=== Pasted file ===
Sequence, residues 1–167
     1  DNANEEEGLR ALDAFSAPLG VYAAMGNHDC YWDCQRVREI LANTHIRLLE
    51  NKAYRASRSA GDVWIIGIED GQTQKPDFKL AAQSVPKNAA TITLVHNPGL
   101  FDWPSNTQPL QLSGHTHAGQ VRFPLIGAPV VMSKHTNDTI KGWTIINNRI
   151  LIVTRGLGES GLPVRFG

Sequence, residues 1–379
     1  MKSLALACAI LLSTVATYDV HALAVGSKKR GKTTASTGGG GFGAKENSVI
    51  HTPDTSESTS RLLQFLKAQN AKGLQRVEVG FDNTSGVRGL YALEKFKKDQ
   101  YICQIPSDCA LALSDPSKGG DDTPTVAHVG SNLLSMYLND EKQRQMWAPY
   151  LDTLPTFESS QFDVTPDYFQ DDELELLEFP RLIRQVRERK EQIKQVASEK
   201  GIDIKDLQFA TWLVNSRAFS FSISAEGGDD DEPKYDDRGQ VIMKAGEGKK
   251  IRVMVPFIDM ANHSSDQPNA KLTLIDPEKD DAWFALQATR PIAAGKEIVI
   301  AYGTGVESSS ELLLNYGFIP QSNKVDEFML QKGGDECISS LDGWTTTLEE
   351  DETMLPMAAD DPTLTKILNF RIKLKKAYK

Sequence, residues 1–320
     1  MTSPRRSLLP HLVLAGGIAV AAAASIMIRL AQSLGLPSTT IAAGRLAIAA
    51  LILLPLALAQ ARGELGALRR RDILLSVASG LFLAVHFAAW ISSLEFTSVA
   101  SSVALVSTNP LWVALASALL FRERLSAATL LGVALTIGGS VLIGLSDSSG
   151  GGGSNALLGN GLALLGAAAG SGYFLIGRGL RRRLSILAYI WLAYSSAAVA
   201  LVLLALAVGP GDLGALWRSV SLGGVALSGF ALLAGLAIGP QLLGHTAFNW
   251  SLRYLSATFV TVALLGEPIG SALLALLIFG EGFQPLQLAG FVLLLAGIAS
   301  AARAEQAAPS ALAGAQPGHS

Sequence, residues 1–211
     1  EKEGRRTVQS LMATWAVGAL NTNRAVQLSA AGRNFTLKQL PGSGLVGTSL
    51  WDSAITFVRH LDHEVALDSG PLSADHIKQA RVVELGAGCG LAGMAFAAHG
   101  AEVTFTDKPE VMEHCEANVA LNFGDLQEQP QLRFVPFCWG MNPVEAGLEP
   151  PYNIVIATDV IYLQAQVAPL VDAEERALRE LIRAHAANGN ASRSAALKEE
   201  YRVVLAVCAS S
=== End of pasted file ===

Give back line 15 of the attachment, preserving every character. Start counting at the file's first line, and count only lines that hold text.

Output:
Sequence, residues 1–320